5 Practical Tips For Land Contract Sellers

Having a land contract is the appropriate document to use when the parties to a real estate transaction engage in seller financing. Here are five tips for making the experience easier on a land contract seller. The list is by no means exhaustive.

  1. Amortization Schedule. Make sure you provide your buyer with an amortization schedule. This way, both parties know where the payments stand in any given month regarding payments. It has been my experience that when people are buying on land contracts, they more often than not are newer to financing concepts such as the declining balance method. Having an amortization schedule clearly shows how installment payments are allocated throughout the Michigan land contract relationship.
  2. Tax and Insurance Escrows. I discourage sellers from collecting escrow payments for taxes or hazard insurance regarding a land contract. Instead, sellers should make it the responsibility of the buyer to confirm that property taxes and insurance are regularly paid. A buyer’s failure to pay taxes or insurance can be used as a separate non-monetary default in order to maintain a land contract forfeiture action.

One caveat: while it could be argued that the federal Dodd-Frank Act does not speak to escrow accounts in land contract agreements, if you are not an exempt seller under Dodd-Frank (selling your primary residence), then there is a rebuttable presumption that the land contract terms are predatory. You should speak with a real estate attorney when it involves Dodd-Frank.

  1. Prepayment Penalties. Michigan courts are clearly against prepayment penalties that exceed 1% of the land contract for more than three (3) years. A higher prepayment penalty for any longer than 3 years can place the seller in direct violation of the Michigan Consumer Protection Act, which allows the successful party in a lawsuit to collect their attorney fees.
  2. Due-on-sale Clauses. Due-on-sale clauses create concern for seller’s who have an underlying mortgage on their property. Briefly, bank and mortgage provisions generally preclude a seller from conveying their interest in a secured or pledged property without first paying off the mortgage – thus the mortgage balance is said to be ‘due-on-sale” once the mortgagor conveys title to a third party. Whether selling a property on land contract actually triggers “due-on-sale” provisions is debatable, since the land contract purchaser does not actually obtain title until they pay off the contract. Memorandums of land contracts are recorded in the county to put the “world on notice” of a transaction. Still, it is not a deed which is the actual conveyance instrument.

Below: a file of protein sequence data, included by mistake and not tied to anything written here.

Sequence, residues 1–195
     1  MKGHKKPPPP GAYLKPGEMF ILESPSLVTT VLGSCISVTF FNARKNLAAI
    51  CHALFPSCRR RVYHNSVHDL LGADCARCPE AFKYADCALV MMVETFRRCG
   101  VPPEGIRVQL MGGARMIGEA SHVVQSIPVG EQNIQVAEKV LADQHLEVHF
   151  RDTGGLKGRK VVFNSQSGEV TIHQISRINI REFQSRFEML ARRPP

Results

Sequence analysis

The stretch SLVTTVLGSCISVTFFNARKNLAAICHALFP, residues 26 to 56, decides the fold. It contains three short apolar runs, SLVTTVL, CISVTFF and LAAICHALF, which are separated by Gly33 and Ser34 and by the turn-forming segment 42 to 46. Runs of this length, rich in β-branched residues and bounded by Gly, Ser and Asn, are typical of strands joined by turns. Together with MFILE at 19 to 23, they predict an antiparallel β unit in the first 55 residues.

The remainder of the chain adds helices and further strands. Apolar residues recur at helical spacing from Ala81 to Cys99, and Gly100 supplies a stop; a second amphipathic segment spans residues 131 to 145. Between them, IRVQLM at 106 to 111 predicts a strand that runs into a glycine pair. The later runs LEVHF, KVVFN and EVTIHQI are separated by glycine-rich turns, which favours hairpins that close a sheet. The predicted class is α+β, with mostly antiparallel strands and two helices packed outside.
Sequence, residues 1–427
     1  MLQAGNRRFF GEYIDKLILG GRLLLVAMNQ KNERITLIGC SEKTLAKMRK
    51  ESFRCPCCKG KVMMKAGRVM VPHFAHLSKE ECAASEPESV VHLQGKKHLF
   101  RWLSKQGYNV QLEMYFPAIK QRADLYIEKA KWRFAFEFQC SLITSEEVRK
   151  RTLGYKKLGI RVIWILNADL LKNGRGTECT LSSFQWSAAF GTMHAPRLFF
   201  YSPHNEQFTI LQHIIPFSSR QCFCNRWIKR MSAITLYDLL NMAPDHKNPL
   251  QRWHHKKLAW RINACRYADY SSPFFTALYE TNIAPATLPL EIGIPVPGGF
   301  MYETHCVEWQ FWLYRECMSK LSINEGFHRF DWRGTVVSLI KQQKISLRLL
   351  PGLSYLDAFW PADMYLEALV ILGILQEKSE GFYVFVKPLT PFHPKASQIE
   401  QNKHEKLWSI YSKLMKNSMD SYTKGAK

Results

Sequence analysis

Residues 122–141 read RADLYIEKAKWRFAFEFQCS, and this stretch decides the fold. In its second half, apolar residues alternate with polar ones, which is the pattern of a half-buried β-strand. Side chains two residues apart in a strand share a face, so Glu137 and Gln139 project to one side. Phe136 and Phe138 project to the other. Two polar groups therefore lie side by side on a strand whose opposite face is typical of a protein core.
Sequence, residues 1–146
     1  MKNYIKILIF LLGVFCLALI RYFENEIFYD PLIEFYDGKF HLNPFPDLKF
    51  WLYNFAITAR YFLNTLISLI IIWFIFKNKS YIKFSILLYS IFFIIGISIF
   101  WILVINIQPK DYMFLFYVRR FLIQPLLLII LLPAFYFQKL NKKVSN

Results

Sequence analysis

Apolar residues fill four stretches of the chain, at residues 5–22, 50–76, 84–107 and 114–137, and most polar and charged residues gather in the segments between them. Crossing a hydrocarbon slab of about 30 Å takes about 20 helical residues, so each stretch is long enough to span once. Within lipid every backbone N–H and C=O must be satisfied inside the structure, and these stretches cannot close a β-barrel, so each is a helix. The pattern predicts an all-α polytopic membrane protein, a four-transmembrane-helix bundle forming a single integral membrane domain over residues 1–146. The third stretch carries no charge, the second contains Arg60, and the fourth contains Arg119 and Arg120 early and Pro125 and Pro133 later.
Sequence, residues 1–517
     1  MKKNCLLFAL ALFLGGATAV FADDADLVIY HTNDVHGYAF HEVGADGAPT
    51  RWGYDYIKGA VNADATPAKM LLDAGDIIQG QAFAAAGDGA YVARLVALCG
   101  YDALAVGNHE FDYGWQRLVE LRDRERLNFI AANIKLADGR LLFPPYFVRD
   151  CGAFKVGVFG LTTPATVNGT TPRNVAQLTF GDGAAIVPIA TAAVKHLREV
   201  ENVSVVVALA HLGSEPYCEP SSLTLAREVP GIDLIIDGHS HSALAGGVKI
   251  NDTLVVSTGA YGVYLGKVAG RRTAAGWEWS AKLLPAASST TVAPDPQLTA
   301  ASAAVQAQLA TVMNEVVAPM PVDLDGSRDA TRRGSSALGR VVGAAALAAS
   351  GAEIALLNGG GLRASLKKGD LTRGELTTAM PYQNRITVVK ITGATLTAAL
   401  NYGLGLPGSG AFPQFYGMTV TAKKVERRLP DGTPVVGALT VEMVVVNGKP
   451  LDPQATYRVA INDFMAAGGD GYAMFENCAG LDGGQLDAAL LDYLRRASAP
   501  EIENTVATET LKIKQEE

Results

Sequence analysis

Be advised that If you represent to a mortgage bank that you intended to use a property as a primary residence and then shortly thereafter you sell it on a land contract for investment purposes, then the lender could call the mortgage for misrepresentation.

  1. Legal Remedies and Notice. Failure to specifically provide for the legal remedies available to a seller in case of buyer’s default can make collection and eviction under a land contract a nightmare. In Michigan, the normal default process involves a forfeiture on the land contract. Land contract forfeiture actions do not allow for the seller to collect on monetary deficiencies, such as selling the home for less than what was owed by the buyer under contract. If a seller is seeking more damages over and above just the payments in arrears, then they have to have a provision within the contract that calls for a foreclosure remedy. Notice provisions also need to be followed, otherwise declaring a contract default before the time allows can prove costly, a waste of legal efforts.

Unlike federal agency mortgages, which are nationally standardized documents, land contracts, more often than not, are drafted to meet the specific needs of the parties to a purchase transaction. Land contracts are legal agreements with far-reaching legal implications. They should be drafted and reviewed by a licensed real estate attorney.

David Soble has been in real estate and finance law for over 25 years and can be reached at 888.789.1715. If you find this article helpful, please share it.

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